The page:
SRT2003-04-24-1532 - Options Parsing Tool library buffer overflows.

From: KF (dotslash@snosoft.com)
Date: 04/24/03

  • Next message: Gary Flynn: "Re: Cracking preshared keys"
    Date: Thu, 24 Apr 2003 16:45:38 -0500
    From: KF <dotslash@snosoft.com>
    To: bugtraq@securityfocus.com
    
    
    

    
    

    Secure Network Operations, Inc. http://www.secnetops.com
    Strategic Reconnaissance Team research@secnetops.com
    Team Lead Contact kf@secnetops.com

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    Quick Summary:
    ************************************************************************
    Advisory Number : SRT2003-04-24-1532.txt
    Product : Options Parsing Tool shared library
    Version : <= opt-3.18
    Vendor : http://nis-www.lanl.gov/~jt/
    Class : local
    Criticality : Low
    Operating System(s) : Linux (other unix based?)

    High Level Explanation
    ************************************************************************
    High Level Description : Error messages can cause buffer overflow
    What to do : recompile and link against newest libopt.a

    Technical Details
    ************************************************************************
    Proof Of Concept Status : No PoC needed for this issue.
    Low Level Description :

    The Options Parsing Tool shared library is a subroutine library which
    facilitates the convenient input of parameters to a C or C++ program.
    The package attempts to provide a direct and relatively full-featured
    input interface to the end user of the program, and at the same time
    impose a minimal amount of work on the programmer to "attach" the package
    to his or her software.

    I am not aware of any suid programs linking against this library but
    at the very least Debian provides it as a .deb package. Obvious issues
    are raised if a suid application makes use of the OPT libraries.
    http://packages.debian.org/stable/devel/opt.html

    The error messages in opt pass through one of several functions in order
    to print the error to the screen. Either opt_warn_1(), opt_warn_2(),
    opt_warn_3(), opt_fatal_1(), opt_fatal_2(), or opt_fatal_3() will be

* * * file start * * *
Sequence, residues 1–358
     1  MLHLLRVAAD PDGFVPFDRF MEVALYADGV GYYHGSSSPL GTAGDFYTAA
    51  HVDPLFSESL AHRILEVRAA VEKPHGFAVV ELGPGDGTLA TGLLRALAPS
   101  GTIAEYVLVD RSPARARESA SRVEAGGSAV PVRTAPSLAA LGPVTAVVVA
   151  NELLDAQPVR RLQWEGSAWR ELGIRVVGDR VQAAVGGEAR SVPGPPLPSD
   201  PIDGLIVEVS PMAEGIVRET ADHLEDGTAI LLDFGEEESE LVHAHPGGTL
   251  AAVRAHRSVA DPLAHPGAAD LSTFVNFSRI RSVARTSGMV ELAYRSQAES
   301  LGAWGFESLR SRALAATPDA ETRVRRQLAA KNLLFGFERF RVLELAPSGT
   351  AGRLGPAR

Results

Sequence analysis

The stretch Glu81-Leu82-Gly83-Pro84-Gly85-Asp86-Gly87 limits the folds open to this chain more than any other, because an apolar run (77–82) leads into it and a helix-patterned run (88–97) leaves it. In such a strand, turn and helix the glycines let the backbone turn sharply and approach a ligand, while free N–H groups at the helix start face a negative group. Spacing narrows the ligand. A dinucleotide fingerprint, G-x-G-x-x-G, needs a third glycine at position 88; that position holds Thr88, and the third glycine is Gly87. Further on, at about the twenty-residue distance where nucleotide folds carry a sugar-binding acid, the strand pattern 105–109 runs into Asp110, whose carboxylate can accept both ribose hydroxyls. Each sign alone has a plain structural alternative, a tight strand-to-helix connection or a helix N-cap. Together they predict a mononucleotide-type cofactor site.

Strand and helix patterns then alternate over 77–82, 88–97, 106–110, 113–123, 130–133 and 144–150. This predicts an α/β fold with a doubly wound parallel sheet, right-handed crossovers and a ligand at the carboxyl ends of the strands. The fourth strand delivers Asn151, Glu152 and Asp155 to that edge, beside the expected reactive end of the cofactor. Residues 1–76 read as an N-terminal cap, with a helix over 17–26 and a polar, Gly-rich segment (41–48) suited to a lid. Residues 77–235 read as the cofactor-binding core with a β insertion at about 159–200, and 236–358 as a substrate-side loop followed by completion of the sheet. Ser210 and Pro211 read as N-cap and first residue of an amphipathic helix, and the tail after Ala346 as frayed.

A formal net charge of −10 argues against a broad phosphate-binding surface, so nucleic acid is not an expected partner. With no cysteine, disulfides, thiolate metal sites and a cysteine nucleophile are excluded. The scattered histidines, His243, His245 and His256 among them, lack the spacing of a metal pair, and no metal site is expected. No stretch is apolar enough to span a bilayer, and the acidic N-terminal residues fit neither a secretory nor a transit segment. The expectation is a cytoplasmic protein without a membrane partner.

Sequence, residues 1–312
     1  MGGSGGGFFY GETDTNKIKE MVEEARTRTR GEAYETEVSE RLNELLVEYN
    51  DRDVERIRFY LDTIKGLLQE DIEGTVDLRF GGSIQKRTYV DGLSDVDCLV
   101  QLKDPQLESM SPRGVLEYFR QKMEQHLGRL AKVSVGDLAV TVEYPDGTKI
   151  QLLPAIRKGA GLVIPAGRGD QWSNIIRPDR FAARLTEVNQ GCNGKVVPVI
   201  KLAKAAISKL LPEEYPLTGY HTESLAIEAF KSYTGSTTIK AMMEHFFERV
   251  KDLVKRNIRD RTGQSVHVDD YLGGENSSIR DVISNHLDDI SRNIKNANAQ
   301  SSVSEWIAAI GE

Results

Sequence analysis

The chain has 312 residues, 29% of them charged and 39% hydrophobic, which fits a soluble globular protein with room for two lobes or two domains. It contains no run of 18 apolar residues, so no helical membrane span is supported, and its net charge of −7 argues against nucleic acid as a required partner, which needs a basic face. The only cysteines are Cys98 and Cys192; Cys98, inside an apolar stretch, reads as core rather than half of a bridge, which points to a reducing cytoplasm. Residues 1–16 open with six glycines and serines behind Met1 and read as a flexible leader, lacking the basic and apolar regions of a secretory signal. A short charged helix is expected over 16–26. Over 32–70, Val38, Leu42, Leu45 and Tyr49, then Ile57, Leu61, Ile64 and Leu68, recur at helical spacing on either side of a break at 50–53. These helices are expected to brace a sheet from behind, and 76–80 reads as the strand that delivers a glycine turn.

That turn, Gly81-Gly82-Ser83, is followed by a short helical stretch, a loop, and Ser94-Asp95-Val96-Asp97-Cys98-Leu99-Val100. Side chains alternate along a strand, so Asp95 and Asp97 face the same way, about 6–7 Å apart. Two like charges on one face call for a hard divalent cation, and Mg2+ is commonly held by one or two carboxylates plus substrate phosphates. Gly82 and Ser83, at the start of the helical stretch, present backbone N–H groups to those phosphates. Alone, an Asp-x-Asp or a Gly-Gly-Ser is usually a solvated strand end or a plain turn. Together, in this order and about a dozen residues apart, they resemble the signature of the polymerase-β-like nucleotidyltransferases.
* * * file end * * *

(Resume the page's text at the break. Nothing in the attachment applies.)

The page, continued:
used when an error occurs. Several similar functions could cause issues
    with buffer overflows.

    This simple test will show the problems associated with using <= opt-3.18

    [dotslash@vegeta test]$ cat > test.c
    main(int *argc, char **argv)
    {
            /* use lubc atoi() */
            int x = atoi(argv[1]);
            printf("atoi(): %i\n", x);

            /* use OPT opt_atoi() */
            int y = opt_atoi(argv[2]);
            printf("opt_atoi(): %i\n", y);
    }

    [dotslash@vegeta test]$ cc -o test test.c ../src/libopt.a
    [dotslash@vegeta test]$ ./test 1 2
    atoi(): 1
    opt_atoi(): 2

    [dotslash@vegeta test]$ ./test `perl -e 'print "A" x 986'` B
    atoi(): 0
    OPT Warning: String [B] is not a valid integer, will use [0]
    opt_atoi(): 0

    [dotslash@vegeta test]$ ./test A `perl -e 'print "A" x 986'`
    atoi(): 0
    OPT Warning: String
    [AAAAAAAAAAAAAAAAAAAAAAAAAAAAAAAAAAAAAAAAAAAAAAAAAAAAAAAAAAAAAAAAAAAAAAAAAAA...
    is not a valid integer, will use [0]
    opt_atoi(): 0
    Segmentation fault

    strace tells us that we are able to overwrite the eip.
    [41414141] --- SIGSEGV (Segmentation fault) @ 0 (0) ---

    This occurs because of the following code is triggered when reading
    input from the user.

    long
    opt_atoi(char *s)
    {
      int valid;
      long x;
      x = (long)atof(s); /* Call atof() whether or not string is valid,
                          * because some strings, eg '15x' can still be
                          * interpreted as numeric. But give a warning
                          * unless the string really is valid
                          */

      valid = opt_isvalidnumber(s);
      if (!valid || (valid & OPT_NUM_FLOAT)) {
        opt_warn_2("String [%s] is not a valid integer, will use [%ld]",s,x);
      }
      return x;
    }

    This particular segfault was caused by the opt_warn_2 definition in opt_p.h.
    You can see that the data passed on by the user is used in a sprintf() into
    a static sized buffer.

    #define OPT_ERRMAXSTRLEN 1024 /* shouldn't be fixed length, but it is! */
    ...
    #define opt_warn_2(fmt,var1,var2) do { \
        char gstr[OPT_ERRMAXSTRLEN]; sprintf(gstr,fmt,var1,var2); \
            opt_warning(gstr); } while(0)

    A diff with the new version shows the implementation of snprintf as a valid fix.

    < char gstr[OPT_ERRMAXSTRLEN]; sprintf(gstr,fmt,var1,var2,var3); \

    ---
    >     char gstr[OPT_ERRMAXSTRLEN]; \
    >         opt_snprintf_3(gstr,OPT_ERRMAXSTRLEN,fmt,var1,var2,var3); \
    A quick test compile against the new version of libopt.a appears to take care 
    of the problem.
    [dotslash@vegeta test]$ pwd
    /home/dotslash/opt/opt-3.19/test
    [dotslash@vegeta test]$ cc -o test test.c ../src/libopt.a
    [dotslash@vegeta test]$ ltrace ./test A `perl -e 'print "A" x 1986'`
    ...
    snprintf("String [AAAAAAAAAAAAAAAAAAAAAAAA"..., 1024, "String [%s] is not a valid integ"...
    Patch or Workaround	: Relink applications that use libopt.a against the 
    new version of opt at http://nis-www.lanl.gov/~jt/Software/opt/opt-3.19.tar.gz
    Vendor Status		: Author has responded and applied a fix to the problem.
    Bugtraq URL		: to be assigned
    ------------------------------------------------------------------------
    This advisory was released by Secure Network Operations,Inc. as a matter
    of notification to help administrators protect their networks against
    the described vulnerability. Exploit source code is no longer released
    in our advisories. Contact research@secnetops.com for information on how
    to obtain exploit information.
    

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